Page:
Some BuJo’ers like to use their key as a flip-out. If this setup sounds appealing, you can attach a separate sheet containing the key to the edge of a leaf in your notebook. As a foldable extension, it conveniently “flips out” whenever you need it and folds away when you’re done with it.

2. Make the Legend by Listing and Labelling Your Icons

Make a sensible legend of all the icons you plan on using. Most bullet journal doers like to list their icons and accompanying descriptions in one or two columns.

A useful tip. Keep your bullet journal key as clean, simple, and organized as possible. If you’re incorporating many icons with various states, plenty of color codes, and multiple signifiers – I suggest rethinking why you feel you need so many.

If you can’t live without them, then it’s best to divide your legend into at least two columns, if not three. List the basic icons in one, the more specialized in another, and perhaps the color codes in yet another.

3. Add the Artistic Flair (Optional)

Although the rapid logging icons themselves should be simple, have at it with the negative space around the key.

I prefer my bullet journal key to be minimalistic, so I’m naturally drawn to aesthetically lightweight designs. The following keys created by others show how less is definitely more:

Great Examples of BuJo Keys by Others

That Header, Though!

This aesthetically pleasing key was created by Becca Courtice, a hugely popular Canadian artist. The botanical header is an amalgamation of relatively simple shapes that, with enough practice, any of us can master. Notice how, even for an artist of her talent, she decided to keep her rapid logging icons super simple. All credit goes to @thehappyevercrafter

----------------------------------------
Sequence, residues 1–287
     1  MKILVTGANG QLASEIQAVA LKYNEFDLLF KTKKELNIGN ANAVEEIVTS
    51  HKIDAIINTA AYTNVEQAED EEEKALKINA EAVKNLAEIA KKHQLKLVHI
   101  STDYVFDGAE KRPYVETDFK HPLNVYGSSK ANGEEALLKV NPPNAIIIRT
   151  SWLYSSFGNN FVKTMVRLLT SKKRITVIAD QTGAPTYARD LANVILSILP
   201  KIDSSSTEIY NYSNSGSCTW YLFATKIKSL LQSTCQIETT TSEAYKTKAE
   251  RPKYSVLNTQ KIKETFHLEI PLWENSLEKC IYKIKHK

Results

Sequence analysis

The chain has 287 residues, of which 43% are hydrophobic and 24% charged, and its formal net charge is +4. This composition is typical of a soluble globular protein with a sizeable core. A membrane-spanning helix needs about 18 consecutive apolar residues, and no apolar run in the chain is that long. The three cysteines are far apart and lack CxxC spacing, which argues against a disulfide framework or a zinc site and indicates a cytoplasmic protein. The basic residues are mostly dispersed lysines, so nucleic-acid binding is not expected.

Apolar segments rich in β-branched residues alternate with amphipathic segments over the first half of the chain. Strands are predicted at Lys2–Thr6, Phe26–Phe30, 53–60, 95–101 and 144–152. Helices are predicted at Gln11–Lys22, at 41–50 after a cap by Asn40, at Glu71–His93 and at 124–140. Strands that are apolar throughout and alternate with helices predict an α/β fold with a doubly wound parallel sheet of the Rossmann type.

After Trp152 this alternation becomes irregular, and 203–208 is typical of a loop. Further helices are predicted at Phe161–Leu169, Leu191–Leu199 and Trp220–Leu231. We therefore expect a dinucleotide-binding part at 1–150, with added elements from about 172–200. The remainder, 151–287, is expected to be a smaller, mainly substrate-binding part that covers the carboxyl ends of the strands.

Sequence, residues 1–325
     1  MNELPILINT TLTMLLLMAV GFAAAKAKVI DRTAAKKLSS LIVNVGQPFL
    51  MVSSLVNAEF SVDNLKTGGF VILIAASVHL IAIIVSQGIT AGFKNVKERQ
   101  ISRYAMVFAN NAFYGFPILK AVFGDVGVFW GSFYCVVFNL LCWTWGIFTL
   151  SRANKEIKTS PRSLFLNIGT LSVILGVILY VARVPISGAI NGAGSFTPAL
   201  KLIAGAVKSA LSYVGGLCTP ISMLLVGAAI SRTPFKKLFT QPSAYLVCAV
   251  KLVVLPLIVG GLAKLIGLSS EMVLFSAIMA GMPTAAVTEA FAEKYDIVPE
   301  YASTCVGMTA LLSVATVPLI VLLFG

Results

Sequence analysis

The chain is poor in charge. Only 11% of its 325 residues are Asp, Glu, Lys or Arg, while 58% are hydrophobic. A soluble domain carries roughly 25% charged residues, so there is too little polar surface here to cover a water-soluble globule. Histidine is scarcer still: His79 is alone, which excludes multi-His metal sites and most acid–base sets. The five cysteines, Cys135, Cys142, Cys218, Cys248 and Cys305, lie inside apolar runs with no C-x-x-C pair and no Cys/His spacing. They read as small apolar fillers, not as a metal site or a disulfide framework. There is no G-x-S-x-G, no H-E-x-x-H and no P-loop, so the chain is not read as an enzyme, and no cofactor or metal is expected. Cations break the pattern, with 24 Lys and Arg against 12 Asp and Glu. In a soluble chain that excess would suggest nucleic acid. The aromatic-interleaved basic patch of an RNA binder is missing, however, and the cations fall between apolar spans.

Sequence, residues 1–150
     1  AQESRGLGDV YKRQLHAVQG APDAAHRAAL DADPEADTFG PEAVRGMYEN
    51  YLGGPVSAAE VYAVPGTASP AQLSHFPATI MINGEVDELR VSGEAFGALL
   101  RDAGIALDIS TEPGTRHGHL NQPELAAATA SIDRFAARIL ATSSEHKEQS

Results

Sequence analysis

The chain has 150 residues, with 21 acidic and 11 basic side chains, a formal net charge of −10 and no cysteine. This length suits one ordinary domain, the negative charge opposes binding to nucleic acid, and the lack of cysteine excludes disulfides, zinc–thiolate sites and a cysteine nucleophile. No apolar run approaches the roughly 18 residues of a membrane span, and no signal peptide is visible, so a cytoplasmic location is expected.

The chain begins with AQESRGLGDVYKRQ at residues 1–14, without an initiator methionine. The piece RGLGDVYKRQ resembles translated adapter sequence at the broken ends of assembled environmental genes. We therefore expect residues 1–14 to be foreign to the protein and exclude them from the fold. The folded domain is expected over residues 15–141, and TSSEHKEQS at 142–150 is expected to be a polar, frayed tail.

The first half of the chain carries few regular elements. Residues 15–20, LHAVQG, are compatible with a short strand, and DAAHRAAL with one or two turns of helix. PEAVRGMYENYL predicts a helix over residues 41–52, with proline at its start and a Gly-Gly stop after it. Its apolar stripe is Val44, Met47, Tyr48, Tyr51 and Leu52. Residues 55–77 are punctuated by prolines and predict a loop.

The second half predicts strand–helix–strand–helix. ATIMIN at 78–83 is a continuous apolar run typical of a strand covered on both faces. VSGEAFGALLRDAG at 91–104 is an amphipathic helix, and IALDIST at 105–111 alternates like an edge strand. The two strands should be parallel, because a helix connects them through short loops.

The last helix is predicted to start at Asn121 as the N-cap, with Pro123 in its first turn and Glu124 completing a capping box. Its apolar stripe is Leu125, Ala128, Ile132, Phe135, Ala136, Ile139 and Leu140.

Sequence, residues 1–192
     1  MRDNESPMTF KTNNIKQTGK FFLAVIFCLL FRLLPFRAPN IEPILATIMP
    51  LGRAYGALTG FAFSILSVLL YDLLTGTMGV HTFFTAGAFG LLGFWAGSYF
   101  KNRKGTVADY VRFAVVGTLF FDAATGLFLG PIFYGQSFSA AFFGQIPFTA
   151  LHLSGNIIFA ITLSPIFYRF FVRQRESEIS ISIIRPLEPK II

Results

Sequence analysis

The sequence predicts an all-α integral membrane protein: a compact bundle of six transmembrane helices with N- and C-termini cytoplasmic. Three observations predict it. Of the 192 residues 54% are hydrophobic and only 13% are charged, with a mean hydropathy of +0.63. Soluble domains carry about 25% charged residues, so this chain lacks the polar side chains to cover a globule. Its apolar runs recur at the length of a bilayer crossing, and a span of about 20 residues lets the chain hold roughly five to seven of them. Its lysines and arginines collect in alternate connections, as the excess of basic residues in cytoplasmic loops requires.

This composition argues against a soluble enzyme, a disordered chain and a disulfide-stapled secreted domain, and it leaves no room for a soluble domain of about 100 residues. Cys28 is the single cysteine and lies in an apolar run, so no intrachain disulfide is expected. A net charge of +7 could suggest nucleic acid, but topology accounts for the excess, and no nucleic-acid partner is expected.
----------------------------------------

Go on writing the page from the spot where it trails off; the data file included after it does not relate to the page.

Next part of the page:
Black, Terracotta, and Gold

Minimal yet elegant, this key caught my attention for its trio of earthy accents, which perfectly offsets its clean white backdrop. All credit for this beautiful work goes to @Manayin. Despite being in French, her website gives insight into her other like-themed spreads.

The One-size-fits-all

This is what the key of a full-time entrepreneur/mom/workhorse looks like. Nothing fancy here; only pure functionality. I like the fact that Whitney condensed her complex life into one streamlined system, codified by plenty of specialized icons as well as colors. Credit @lifebywhitney


Official Bullet Journal Website – Learning Section – bulletjournal.com

Leo Cai

Leo Cai

Leo Cai, the one solely responsible for the inception of this Mickey Mouse operation, has at least garnered the acceptance of Casey Cai - his wife. He used to view himself as an avid writer back in high school, with grandiose dreams of making a living using words. That never culminated because, as he himself puts it, "It's more practical to stock bakery shelves while striving to become a professional photographer".

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We’re Leo & Casey Cai, and Journaling Diaries is our outlet for sharing what we’re learning from the lightweight, nearly disaster-proof hobby of journaling. So far, we’ve found that journaling isn’t merely a shameful tool for hard times or a poor memory. It’s enriching & fun. Whatever, whichever, however – as long as it involves journaling – we’ll be covering it all here. Thanks for stopping by!